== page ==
In the early 1980s, Walt Disney Productions was struggling, largely bolstered by the success of its theme parks. Within fifteen years, however, it had become one of the most powerful entertainment conglomerates in the world. Staging a Comeback: Broadway, Hollywood, and the Disney Renaissance argues that far from an executive feat, this impressive turnaround was accomplished in no small part by the storytellers recruited during this period. Drawing from archival research, interviews, and textual analysis, Peter C. Kunze examines how the hiring of theatrically trained talent into managerial and production positions reorganized the lagging animation division and revitalized its output. By Aladdin, it was clear that animation—not live action—was the center of a veritable “renaissance” at Disney, and the animated musicals driving this revival laid the groundwork for the company’s growth into Broadway theatrical production. The Disney Renaissance not only reinvigorated the Walt Disney Company but both reflects and influenced changes in Broadway and Hollywood more broadly.
1 “Just Waiting for the Prince to Arrive”: Broadway and Hollywood before the Disney Renaissance, 1982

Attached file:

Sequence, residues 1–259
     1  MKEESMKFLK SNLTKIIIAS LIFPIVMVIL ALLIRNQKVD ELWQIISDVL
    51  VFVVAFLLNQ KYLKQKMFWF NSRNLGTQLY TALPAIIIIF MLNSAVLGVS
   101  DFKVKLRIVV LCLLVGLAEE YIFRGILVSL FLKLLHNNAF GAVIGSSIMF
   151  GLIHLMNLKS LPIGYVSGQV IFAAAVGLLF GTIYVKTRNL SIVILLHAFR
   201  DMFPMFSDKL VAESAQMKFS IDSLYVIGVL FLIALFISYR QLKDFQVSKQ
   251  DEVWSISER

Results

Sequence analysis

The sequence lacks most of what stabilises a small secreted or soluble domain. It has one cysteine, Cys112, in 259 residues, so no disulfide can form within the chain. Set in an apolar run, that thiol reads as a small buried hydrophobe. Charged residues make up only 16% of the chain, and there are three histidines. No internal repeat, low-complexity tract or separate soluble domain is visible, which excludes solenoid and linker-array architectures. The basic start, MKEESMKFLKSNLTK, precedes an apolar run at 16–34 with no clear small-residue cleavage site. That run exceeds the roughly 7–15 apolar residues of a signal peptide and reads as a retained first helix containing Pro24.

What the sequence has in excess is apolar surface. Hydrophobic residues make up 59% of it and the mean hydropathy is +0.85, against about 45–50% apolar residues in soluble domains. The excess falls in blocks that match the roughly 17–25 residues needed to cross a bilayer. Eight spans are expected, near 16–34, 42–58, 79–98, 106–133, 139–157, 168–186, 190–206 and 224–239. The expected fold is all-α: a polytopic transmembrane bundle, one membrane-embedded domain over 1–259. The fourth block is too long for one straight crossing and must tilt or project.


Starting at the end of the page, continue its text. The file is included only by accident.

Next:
2 “Sort of Like the Sopranos Took Over the Studio”: Regime Change at Disney, 1983–1986
3 “Make the Audience Fall in Love with Her”: Howard Ashman and Alan Menken, The Little Mermaid, and Disney, 1987–1989
4 “A Celebration of Certain Sensibilities”: Howard Ashman and Alan Menken, Beauty and the Beast, and Disney, 1990–1991
5 “Like the Old-Fashioned Musicals Did”: Robert Jess Roth, Beauty and the Beast, and Disney, 1992–1994
6 “I Don’t Do Cute”: Julie Taymor, The Lion King, and Disney, 1994–1998
Peter C. Kunze is an assistant professor of communication at Tulane University. He is the editor or coeditor of several books, including The Films of Wes Anderson: Critical Essays on an Indiewood Icon, American-Australian Cinema: Transnational Connections, and Taking a Stand: Contemporary US Stand-Up Comedians as Public Intellectuals.
"Peter Kunze’s Staging a Comeback brings a fresh perspective to the Disney 'renaissance' of the 1980s and '90s. He examines these films’ historical connection to the theatricality, anthropomorphic performance, and mediated liveness of classic animation. The book is also noteworthy for the author’s innovative research methods, in light of the studio’s reluctance to open up to independent scholarship. Kunze shows that if you can’t enter the castle over the moat, you can storm it by way of the ramparts."
— Donald Crafton, author of Shadow of a Mouse: Performance, Belief, and World-Making in Animation
"Staging a Comeback tells a fascinating, complex story of corporate ambition, artistic vision, and theatrical collaboration. Kunze brilliantly reveals how the interdependence of theater and animation, New York City and theme parks, Hollywood producers and Broadway musical theater artists enabled Disney’s breathtaking success."— Stacy Wolf, author of Beyond Broadway: The Pleasure and Promise of Musical Theatre across America